A report will be released soon on spending at South Carolina State University’s Clyburn Transportation Center. State legislators ordered an audit of the school’s spending of federal and state money of the center that is not constructed yet. Allegedly, $50 million has flowed to the center over the past 12 years, parts of which are unaccounted for.
The Legislative Audit Council took a thorough look at a series of issues, according to Thomas Bardin, the council’s director:
…to examine the funding for the actual building project, the Clyburn Transportation Building program over there, and make sure that funds have been expended, and to examine reasons for delays in the construction project. The other part they asked us to do is to determine why South Carolina State lost Tier 1 designation–federal designation. South Carolina State was like one of 30 colleges in the country to have Tier 1 designation, which is kind of a high status.
–And it was a status that came with federal funding, which the school lost.
The full Legislative Audit Council last week approved the audit results, with some small edits to be made.
After we’ve done that–and I’ll clarify a couple things in the report summary–to proceed with the exit process of South Carolina State, we’ll give them a copy of the draft report and give them up to 10 days to respond to the issues in the report. We will look at their response and determine what we might need to do–if anything–and then proceed with final publication.
The final report summary will be released to the public soon says Bardin.
The LAC worked alongside the federal Office of Inspector General and the Office of Health and Human Services without doubling their efforts.
So we did not duplicate anybody’s work, and the fed’s Office of Inspector General at the federal level was down looking at about $10 million or $12 million worth of grants that had been flowing through the center. So we did not do any audit work on that part of it. And we were hoping to get that audit before we published, but that’s probably not going to be possible now.
Bardin and the LAC understood what the federal auditors were looking for, but had hoped to see their final report before releasing the report to the state.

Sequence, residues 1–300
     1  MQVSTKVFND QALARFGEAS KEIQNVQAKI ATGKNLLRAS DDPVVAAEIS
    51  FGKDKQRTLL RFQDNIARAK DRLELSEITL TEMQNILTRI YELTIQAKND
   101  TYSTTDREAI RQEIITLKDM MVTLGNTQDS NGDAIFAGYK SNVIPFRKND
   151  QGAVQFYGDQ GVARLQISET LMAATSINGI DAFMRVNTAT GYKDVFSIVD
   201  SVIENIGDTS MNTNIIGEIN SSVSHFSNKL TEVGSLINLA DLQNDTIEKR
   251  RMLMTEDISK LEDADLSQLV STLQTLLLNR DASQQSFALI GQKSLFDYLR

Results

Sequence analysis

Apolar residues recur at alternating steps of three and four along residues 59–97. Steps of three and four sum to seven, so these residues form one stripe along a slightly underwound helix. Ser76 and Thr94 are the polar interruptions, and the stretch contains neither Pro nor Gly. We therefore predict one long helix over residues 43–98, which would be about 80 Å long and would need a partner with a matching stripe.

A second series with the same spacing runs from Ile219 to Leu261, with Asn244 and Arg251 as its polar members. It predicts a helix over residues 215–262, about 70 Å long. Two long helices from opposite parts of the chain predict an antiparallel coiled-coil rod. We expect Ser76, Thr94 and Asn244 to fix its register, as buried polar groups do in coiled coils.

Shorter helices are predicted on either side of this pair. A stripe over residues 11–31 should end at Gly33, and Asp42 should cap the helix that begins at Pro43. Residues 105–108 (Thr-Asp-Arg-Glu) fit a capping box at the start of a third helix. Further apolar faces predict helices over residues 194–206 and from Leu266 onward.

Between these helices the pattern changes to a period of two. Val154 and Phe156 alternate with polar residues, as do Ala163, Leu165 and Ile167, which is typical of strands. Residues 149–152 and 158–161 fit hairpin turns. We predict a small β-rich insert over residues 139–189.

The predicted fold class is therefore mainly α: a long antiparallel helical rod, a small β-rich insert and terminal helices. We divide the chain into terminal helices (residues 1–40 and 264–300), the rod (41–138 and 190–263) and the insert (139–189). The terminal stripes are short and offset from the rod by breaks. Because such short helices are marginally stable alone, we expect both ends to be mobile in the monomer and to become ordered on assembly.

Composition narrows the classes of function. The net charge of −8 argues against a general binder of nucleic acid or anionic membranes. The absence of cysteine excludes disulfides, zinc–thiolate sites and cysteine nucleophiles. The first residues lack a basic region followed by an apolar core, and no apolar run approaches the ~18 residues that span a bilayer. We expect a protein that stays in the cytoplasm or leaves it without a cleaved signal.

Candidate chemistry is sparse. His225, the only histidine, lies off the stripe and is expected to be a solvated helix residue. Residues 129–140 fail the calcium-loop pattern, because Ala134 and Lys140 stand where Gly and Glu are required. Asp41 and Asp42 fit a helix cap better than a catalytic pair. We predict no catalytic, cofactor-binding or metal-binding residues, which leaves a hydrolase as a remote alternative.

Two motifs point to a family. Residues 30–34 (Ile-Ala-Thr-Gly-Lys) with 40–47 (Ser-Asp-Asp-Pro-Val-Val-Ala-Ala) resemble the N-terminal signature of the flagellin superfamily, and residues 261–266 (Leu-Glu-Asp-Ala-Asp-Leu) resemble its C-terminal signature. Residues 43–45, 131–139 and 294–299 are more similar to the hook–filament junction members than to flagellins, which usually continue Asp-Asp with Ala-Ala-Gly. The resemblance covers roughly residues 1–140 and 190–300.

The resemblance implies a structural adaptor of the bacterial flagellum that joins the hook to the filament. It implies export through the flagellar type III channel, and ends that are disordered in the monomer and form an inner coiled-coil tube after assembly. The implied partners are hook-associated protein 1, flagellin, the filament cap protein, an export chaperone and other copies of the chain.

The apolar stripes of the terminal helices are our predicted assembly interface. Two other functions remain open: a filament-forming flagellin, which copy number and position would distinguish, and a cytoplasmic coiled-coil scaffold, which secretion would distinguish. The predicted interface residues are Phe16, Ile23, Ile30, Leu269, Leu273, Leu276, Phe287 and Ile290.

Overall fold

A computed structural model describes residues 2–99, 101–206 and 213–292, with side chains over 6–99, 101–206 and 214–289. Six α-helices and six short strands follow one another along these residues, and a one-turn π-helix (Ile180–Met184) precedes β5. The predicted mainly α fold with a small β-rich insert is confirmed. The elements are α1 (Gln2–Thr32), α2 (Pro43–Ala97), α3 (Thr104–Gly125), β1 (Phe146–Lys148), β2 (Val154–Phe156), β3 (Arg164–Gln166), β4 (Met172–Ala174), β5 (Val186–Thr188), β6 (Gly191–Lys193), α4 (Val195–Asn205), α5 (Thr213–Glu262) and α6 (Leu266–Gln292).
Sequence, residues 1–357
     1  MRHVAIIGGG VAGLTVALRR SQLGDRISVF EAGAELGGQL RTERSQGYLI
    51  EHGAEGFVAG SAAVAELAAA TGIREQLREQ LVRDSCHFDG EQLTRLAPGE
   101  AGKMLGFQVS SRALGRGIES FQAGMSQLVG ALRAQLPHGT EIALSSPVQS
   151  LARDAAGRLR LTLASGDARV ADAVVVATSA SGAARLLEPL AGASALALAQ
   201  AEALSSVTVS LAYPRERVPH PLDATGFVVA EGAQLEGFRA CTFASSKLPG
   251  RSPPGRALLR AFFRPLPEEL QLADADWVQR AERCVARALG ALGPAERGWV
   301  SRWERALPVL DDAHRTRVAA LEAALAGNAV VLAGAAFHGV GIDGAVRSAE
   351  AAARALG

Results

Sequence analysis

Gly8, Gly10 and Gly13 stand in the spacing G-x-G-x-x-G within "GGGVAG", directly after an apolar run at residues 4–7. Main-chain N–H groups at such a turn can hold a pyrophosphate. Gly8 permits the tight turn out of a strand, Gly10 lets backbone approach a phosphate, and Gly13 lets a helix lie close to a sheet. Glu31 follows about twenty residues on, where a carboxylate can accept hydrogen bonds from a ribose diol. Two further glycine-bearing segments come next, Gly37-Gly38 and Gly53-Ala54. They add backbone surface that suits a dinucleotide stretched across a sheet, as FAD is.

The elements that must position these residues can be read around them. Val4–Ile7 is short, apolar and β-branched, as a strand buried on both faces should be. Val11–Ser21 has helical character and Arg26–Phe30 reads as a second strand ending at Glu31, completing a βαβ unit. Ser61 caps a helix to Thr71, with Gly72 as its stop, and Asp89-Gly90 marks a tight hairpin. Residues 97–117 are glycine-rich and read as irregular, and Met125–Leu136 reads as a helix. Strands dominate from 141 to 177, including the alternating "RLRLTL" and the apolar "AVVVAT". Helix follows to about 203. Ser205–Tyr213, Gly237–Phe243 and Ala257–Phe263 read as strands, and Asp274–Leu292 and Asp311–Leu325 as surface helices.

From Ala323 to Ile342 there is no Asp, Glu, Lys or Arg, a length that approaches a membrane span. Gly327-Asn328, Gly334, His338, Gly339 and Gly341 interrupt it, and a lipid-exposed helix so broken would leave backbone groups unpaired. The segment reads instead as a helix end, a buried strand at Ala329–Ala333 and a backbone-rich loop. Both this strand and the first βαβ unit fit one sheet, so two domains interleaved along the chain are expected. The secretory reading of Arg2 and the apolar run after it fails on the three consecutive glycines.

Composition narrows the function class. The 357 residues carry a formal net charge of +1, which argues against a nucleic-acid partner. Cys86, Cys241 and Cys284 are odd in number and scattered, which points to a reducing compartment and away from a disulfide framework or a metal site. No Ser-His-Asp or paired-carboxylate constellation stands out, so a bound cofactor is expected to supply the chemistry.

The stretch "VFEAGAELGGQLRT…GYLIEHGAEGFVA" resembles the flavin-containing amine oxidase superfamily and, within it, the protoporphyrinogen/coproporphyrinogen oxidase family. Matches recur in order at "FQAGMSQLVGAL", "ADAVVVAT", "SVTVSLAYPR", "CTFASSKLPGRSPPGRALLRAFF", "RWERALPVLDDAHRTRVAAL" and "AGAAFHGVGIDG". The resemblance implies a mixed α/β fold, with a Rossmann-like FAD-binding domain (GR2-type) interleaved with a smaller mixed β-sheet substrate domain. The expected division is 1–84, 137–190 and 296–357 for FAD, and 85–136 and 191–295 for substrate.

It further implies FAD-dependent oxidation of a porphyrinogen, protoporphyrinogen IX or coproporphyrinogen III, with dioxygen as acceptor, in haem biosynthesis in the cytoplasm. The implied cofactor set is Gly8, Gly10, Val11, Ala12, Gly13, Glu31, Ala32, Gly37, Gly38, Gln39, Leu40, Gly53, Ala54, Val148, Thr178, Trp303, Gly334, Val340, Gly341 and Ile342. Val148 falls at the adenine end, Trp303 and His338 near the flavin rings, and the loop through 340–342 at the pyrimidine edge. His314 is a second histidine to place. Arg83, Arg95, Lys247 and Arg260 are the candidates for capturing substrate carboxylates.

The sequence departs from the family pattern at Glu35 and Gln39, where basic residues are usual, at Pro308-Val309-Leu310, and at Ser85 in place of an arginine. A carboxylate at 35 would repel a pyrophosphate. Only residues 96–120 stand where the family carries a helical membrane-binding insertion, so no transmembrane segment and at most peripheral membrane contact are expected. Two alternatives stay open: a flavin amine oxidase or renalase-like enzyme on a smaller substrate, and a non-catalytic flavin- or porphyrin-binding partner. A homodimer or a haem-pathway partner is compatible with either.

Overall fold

So I’m relatively confident that a substantial portion of the federal funds that have flowed through for the program have been audited, or are underway as we speak. It will be completed–we hope–relatively soon.
The LAC director says his agency exhaustively studied internal controls and how the bulk of the money has been spent. Bardin says he is confident the LAC report will answer legislators’ questions.
The Times and Democrat newspaper reports that about $26 million was earmarked for construction and, at the beginning of the audit, $20 million remained in federal hands. The remainder of the money was designated for transportation programs and was spent.
The LAC was charged with examining the $6 million spent from the building funds. The school can respond to the LAC report and those issues will be clarified and will be attached to the report. The State DOT is also looking at the school’s use of transportation funds that had to flow through them to the school. LAC is waiting on that report, too.
What happens next with the LAC report depends on lawmakers, who called for the legislative audit at about the same time the federal government was looking into SC State’s spending on the transportation center. The facility–far from complete–was to be named after Congressman James Clyburn.